5 Relationships to Cultivate As You Foster or Adopt (Part 5)

Develop a Parenting Partnership with Local Schools they might attend

by Todd Chipman February 8, 2019

This post is part of a series by Todd Chipman. Read Part IPart IIPart III, and Part IV.

We have come now to the final post in this series on foster care and adoption ministries. Over the last several weeks, I have suggested that FTC readers hoping to foster or adopt in 2019 will have greater success if they develop five specific partnerships. I have presented these parenting partnerships in a specific order. Think of these five relationships as layers of scaffolding arranged to form a support structure for your family.

The most basic parenting partnership is the one you cultivate with your spouse. You must develop a “together” mindset, a humble commitment to grow and learn about parenting and each other. Even if you have children already in your home, you will find your parenting skills stretched thin by needy kids. Partner-up with your spouse. Be a fortress together and for each other. Second, develop a parenting partnership with your church. Your pastor, small-group leader, and children’s or youth staff can help you parent needy kids. It’s what God has called them to do, so keep the church beside you through the journey. Third, if you have kids already in the home—biological or through placement—you will need to cultivate a kind of partnership with them before bringing new kids into the fold. The kids you already have need to know that you are committed to their success. You can assure them that you are by bringing them into the decision-making process whenever appropriate. Help the kids you already parent to feel like they are a part of your decision to foster or adopt, and they will be more likely to welcome new kids as siblings. Fourth, partner with your parents. Grandparent figures provide foster and adopted kids roots and connections, stability. If your parents are initially reluctant to support your pursuit of foster or adoption ministry, don’t be offended. Seek their counsel and be slow to take offense. They will likely come around—and you will benefit greatly from their connections with your kids.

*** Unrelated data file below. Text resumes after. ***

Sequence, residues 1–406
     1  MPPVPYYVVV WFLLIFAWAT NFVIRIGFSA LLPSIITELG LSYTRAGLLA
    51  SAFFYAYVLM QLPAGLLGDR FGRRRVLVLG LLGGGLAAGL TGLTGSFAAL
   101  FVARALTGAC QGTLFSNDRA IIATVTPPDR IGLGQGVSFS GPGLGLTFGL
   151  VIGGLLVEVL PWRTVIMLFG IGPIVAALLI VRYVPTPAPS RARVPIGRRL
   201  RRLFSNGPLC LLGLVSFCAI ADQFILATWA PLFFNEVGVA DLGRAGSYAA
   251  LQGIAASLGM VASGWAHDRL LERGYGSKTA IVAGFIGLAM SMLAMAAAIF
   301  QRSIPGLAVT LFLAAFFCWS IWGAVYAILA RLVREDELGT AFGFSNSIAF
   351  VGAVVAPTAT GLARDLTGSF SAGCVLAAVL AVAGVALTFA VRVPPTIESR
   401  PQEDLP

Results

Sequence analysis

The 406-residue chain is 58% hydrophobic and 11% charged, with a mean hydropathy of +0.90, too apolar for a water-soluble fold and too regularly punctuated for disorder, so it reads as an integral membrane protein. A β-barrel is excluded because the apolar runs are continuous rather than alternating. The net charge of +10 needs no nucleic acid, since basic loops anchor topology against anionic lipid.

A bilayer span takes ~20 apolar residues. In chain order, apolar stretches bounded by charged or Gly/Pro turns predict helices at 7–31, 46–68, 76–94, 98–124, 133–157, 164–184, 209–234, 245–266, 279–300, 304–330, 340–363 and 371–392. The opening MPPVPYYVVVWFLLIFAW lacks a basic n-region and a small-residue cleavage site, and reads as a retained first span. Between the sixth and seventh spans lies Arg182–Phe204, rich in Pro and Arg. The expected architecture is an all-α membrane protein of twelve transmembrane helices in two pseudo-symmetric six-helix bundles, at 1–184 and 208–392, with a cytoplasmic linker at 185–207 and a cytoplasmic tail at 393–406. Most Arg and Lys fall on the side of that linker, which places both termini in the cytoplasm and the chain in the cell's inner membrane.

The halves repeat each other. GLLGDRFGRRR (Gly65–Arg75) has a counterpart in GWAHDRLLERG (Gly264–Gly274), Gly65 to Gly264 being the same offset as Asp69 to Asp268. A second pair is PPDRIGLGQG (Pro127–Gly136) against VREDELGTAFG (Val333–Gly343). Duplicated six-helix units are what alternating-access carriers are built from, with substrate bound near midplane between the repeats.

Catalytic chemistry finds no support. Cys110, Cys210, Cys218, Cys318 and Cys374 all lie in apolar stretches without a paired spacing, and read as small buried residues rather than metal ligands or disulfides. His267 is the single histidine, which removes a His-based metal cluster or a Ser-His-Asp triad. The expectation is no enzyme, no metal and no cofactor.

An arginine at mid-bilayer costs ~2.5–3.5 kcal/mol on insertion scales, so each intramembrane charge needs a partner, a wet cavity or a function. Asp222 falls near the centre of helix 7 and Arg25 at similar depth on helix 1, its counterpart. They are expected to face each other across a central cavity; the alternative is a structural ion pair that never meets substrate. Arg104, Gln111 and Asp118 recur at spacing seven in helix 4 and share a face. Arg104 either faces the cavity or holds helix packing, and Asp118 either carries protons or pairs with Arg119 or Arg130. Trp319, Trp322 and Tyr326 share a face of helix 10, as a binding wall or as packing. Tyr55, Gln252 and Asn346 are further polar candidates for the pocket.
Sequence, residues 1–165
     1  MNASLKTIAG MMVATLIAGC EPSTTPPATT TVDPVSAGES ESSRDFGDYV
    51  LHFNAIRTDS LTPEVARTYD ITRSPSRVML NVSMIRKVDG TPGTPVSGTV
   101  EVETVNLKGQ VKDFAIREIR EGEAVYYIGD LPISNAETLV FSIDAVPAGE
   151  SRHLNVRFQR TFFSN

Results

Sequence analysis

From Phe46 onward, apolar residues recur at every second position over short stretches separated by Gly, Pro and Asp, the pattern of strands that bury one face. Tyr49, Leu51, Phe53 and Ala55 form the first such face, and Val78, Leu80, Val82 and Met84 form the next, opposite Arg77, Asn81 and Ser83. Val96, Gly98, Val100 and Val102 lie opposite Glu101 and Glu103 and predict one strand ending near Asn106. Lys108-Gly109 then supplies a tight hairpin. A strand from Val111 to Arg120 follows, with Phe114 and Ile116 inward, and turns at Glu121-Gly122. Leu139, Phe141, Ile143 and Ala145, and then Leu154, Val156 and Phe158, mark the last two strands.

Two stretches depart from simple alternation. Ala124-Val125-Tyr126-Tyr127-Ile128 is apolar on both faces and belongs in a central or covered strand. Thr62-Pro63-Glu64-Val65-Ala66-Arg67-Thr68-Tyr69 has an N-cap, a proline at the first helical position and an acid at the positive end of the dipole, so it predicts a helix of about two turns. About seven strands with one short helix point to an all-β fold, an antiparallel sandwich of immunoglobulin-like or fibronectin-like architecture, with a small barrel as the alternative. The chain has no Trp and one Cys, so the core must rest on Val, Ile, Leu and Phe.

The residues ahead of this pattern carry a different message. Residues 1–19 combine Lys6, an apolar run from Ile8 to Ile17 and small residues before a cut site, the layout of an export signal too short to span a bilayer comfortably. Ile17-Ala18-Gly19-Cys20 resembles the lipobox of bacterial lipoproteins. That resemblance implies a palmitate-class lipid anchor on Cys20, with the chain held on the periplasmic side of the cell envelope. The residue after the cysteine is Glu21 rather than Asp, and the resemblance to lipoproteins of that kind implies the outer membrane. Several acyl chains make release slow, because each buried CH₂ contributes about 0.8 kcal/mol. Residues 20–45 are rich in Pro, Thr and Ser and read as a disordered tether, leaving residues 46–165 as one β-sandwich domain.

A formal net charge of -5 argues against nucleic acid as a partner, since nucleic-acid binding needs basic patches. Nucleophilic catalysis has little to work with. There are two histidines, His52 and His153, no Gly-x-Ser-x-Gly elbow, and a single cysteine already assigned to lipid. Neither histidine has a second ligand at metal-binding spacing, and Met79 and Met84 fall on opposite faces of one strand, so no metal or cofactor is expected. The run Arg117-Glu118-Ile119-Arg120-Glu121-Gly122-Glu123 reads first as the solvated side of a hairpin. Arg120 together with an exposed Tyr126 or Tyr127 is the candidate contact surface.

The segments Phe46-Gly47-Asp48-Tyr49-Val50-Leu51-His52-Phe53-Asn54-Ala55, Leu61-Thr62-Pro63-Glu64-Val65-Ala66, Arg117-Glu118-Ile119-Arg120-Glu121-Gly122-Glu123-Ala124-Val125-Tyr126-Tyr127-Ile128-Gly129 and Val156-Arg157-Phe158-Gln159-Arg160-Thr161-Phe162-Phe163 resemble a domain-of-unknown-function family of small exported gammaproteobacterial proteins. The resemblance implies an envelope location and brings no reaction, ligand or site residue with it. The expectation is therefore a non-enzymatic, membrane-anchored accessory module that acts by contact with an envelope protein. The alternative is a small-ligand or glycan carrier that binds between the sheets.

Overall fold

This brings us to the fifth and final parenting partnership I urge you to cultivate as you prepare to foster or adopt in the coming months. Get connected with the local schools where your foster or adopted children will likely enroll. Though homeschooling or private schooling might be an option for educating foster kids, courts and agencies will nearly always require parents to place kids in a public school so I want to give attention here to ways you as parents might develop a partnership with local public schools. Public school is home for most foster kids. School, not the same school necessarily (because foster kids often move from one school to another when they have a change of placement) but school as an institution is home. School provides stable relationships and routines, food, emotional boundaries, friends, and activities. School is life for foster kids so develop a partnership with the local school your child will attend. This will help you as a parent connect with your kids. I suggest at least two steps:

1. Visit the school before the child is placed in your home. Make an appointment to meet the principle, guidance counselor, homeroom teacher, and nurse. Share with them as much information as possible. Don’t think you are imposing. You will make their jobs easier if you prepare them to welcome your child’s arrival. This is a crucial step in your foster or adoption ministry—even if you give the school just a few days’ notice of the child’s arrival. If you know that your child has a special medication schedule (most foster kids are prescribed behavior-regulation meds), let the school know. If your child has an interest in an extra-curricular activity or sport, connect with the coaches or staff.

2. Volunteer at the school routinely even before the child is placed in your home. If you want the school to partner with you, partner with them. Make that school your primary locus of community ministry and you will help your child connect with you. I suggest volunteering for a short period of time, perhaps an hour or two, multiple times per week. This will help you get to know routines and people—who you may want to keep away from your child and who you want to connect with your child. Heed the advice of the school administration on what volunteer opportunities might help you connect with the school and help your child to connect as well. After the child is placed in your home, continue volunteering on the same schedule. If your partnership is a win for the school it will likely be a win for you and your child.